At a time when one side, armed with all the weapons of a philosophy, a thousand times criminal though it may be, sets out to storm an existing order, the other side, now and forever can offer resistance only if it clads itself in the forms of a new faith, in our case a political one, and for a weak-kneed, cowardly defensive substitutes the battle-cry of courageous and brutal attack. And so, if today our movement gets the witty reproach that it is working toward a 'revolution,' especially from the so-called national bourgeois ministers, say of the Bavarian Center' the only answer we can give one of political twerps is this: Yes, indeed' we are trying to make up for what you in your criminal stupidity failed to do. By the principles of your parliamentary cattle-trading, you helped to drag the nation into the abyss; but we, in the form of attack and by setting up a new philosophy of life and by fanatically and indomitably defending its principles, shall build for our people the steps on which it will some day climb back into the temple of freedom.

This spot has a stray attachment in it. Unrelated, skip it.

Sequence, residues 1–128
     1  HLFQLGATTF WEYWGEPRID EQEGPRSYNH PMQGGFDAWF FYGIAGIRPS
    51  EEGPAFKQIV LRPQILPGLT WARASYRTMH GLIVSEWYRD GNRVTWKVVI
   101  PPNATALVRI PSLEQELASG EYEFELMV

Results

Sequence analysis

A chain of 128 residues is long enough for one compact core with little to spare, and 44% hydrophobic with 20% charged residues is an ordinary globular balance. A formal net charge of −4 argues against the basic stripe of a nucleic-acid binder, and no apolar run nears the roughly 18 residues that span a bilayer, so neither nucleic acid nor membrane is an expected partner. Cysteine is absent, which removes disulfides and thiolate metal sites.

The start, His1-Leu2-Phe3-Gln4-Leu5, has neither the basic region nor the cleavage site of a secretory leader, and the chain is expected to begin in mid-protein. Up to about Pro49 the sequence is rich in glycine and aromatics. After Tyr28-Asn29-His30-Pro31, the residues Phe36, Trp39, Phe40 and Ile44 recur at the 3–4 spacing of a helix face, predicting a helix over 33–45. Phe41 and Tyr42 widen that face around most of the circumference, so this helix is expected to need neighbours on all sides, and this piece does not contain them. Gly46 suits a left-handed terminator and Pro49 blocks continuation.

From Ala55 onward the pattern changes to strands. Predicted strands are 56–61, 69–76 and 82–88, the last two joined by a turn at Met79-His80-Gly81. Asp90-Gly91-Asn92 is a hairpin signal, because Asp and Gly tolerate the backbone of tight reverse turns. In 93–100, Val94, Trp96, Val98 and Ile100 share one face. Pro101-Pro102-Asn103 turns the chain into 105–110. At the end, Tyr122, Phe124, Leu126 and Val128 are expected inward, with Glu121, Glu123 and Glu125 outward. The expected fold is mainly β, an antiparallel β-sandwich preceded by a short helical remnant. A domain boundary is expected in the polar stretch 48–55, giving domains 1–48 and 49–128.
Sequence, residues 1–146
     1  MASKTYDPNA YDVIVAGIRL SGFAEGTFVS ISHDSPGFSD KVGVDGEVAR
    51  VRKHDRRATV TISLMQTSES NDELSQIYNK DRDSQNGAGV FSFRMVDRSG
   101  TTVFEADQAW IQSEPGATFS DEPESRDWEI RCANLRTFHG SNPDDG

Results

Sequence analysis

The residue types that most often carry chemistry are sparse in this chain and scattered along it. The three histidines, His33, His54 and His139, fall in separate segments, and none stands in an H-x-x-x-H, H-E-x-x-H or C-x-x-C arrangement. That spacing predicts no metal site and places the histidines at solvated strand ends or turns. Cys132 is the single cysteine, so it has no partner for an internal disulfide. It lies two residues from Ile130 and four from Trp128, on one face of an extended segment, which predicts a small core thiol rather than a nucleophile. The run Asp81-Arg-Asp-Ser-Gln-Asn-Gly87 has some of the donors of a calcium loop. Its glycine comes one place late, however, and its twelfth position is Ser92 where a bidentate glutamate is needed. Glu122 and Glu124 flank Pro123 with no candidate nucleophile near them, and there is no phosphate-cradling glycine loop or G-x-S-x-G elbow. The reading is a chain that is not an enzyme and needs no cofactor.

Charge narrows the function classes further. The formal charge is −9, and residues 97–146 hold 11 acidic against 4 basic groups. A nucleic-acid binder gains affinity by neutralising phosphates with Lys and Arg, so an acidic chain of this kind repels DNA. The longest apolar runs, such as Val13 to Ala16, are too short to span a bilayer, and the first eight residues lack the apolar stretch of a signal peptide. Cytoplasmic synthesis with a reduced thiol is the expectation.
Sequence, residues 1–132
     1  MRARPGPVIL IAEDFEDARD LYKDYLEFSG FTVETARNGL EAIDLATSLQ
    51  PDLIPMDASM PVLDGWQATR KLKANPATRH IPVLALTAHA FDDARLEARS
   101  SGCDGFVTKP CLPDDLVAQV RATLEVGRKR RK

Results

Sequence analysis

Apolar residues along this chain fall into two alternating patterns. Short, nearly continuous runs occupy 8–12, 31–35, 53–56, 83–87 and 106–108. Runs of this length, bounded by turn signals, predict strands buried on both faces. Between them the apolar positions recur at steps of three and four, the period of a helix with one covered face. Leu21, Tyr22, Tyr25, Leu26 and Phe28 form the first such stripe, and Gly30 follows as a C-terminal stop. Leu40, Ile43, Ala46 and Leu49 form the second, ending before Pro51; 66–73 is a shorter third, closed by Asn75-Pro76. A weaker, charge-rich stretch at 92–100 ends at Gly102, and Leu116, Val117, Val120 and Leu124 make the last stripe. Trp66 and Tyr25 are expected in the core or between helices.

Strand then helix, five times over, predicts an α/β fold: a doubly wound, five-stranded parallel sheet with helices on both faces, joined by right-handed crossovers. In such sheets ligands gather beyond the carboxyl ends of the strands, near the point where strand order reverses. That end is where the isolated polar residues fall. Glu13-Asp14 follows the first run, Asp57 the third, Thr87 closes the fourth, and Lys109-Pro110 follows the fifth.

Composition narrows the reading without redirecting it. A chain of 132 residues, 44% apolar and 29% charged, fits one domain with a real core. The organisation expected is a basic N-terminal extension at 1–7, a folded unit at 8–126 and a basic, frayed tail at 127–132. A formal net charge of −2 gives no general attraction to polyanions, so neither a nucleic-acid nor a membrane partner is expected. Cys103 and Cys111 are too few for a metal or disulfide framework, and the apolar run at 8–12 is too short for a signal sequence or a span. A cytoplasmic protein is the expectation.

And so, in the founding period of our movement, our first concern had always to be directed toward preventing the host of warriors for an exalted conviction from becoming a mere club for the advancement of parliamentary interests.
The first precautionary measure was the creation of a program which aimed at a development which by its very inner greatness seemed apt to scare away the small and feeble spirits of our present party politicians.
How correct was our conception of the necessity of programmatic aims of the sharpest stamp could be seen most clearly from those catastrophic weaknesses which finally led to the collapse of Germany.
From the realization of these weaknesses a new state conception, which in itself in turn is an essential ingredient of a new world conception, would inevitably take form.